It is not easy to talk to your parents about moving into an assisted living community, and it can be an emotional roller coaster for both parties. Though the clear answer may be that a loved one needs extra personal care, it may happen that they feel very strongly in the opposite direction. Taking steps to ensure the conversation happens in a respectful manner will make it less painful for both of you. Too often, personal feelings get in the way of listening to the other person and it can feel like the conversation is hitting a brick wall.
To better formulate how to handle this conversation, you must first understand what moving into one of these communities can feel like for an older adult. Empathizing is the first step to a respectful and productive conversation about your concerns for their well-being.
Moving into an assisted living community for the first time is one of the largest decisions an older adult has to make and there are plenty of negative connotations are associated with the transition. One of the big ones is a loss of independence. It can feel like a loss of autonomy: an admittance of needing daily assistance or the admittance of no longer being able to live alone.
Not only this, but the transition also raises fears of mortality. In many people’s minds, especially if they have never visited an assisted living facility, may have the misguided belief that these communities are just waiting rooms for death, but this is not the case at all, as many living in these communities can tell you.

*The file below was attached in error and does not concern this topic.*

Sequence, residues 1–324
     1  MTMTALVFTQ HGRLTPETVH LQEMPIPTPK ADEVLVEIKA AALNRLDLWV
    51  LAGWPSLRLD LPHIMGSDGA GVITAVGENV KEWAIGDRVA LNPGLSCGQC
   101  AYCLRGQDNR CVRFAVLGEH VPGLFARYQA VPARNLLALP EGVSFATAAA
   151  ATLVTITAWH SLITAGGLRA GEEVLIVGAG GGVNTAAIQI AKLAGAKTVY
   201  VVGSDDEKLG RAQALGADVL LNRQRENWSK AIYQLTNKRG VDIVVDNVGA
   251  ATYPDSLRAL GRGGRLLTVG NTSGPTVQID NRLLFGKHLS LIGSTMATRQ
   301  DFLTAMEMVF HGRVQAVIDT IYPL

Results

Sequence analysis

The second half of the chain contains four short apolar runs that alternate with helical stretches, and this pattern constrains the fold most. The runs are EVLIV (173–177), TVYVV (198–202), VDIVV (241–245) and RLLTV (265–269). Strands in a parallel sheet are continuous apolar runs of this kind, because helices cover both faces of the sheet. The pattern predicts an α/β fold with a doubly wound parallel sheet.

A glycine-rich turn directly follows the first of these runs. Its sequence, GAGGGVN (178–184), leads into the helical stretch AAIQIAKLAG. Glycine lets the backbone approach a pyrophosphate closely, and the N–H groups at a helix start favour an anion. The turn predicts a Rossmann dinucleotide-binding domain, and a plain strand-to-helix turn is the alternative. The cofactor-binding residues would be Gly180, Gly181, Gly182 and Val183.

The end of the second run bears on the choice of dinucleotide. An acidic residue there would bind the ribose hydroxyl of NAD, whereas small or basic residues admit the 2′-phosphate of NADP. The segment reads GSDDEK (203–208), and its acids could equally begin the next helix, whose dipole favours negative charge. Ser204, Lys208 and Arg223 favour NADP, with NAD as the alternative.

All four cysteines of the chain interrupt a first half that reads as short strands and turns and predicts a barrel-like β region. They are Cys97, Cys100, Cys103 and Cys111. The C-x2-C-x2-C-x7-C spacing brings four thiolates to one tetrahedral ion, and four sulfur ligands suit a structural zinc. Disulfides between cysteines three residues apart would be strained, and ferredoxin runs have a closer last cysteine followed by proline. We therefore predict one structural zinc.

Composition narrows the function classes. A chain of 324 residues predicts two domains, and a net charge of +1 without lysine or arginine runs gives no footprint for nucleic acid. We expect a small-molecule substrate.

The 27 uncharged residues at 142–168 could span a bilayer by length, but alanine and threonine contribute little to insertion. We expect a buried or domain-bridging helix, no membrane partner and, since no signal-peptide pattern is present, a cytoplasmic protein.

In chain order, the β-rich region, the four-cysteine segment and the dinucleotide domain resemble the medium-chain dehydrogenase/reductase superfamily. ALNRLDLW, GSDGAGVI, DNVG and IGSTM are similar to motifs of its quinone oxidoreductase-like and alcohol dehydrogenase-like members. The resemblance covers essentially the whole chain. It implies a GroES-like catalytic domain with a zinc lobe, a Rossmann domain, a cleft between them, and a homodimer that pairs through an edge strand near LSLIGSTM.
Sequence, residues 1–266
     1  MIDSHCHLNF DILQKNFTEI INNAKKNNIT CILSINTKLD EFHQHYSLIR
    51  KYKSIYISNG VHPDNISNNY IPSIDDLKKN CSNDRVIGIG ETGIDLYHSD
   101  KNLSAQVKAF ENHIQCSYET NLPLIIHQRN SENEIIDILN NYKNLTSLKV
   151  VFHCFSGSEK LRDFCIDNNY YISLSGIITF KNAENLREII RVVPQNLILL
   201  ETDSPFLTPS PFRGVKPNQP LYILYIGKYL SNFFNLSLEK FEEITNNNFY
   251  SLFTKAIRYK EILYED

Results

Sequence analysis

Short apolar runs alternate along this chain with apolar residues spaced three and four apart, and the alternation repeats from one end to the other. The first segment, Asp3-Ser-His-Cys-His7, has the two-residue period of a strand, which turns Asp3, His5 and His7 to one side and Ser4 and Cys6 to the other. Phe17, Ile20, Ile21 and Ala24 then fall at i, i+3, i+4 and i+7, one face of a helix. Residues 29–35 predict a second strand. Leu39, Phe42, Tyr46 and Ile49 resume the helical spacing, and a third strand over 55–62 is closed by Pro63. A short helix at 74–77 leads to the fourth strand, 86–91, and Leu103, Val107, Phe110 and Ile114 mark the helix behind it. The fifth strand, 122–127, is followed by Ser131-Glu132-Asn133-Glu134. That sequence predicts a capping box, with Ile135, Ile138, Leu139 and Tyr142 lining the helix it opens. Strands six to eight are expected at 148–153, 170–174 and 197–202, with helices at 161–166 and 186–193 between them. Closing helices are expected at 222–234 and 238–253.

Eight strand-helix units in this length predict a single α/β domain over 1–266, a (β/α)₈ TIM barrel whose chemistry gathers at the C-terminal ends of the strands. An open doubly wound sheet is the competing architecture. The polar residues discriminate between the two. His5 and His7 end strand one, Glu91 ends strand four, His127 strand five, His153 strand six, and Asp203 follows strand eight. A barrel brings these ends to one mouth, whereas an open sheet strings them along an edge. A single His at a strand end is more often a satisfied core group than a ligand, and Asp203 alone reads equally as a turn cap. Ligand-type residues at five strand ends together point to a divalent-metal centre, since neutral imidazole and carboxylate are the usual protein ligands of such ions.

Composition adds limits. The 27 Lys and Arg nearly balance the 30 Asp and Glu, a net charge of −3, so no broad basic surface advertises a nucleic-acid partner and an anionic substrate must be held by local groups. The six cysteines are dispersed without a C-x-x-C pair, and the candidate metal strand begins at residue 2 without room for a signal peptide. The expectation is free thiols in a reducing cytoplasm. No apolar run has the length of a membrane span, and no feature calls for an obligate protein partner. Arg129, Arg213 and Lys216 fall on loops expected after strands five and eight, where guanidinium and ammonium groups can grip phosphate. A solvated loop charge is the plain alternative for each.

Once you have established an understanding of the emotional toll your parent can experience talking about this subject may have on your loved one, be aware of the emotional toll you are experiencing. It is difficult to watch our parents grow older, and you may also be dealing with feelings of guilt or shame that may try to express themselves through anger. Do not let them.
Now that you understand the weight of the conversation, you are ready to move on to the next step: gathering information on a few assisted living communities of your choice. When talking to your parent or loved one about making the move it will be crucial that you know what you are talking about.
Because they may have false ideas and negative connotations surrounding the idea of moving, it could be helpful to share some positive aspects of assisted living, such as an emphasis on the ease it is to become or remain socially active in these communities and the simplification of personal daily activities.
After all the preparation is done, it is time to start talking. The most important thing is to not force anyone into making the decision you want, or force them to allow you to decide for them. Make sure both parties remain open and engage in active listening. If it starts to get heated, consider taking a step back and revisiting the topic at a later date.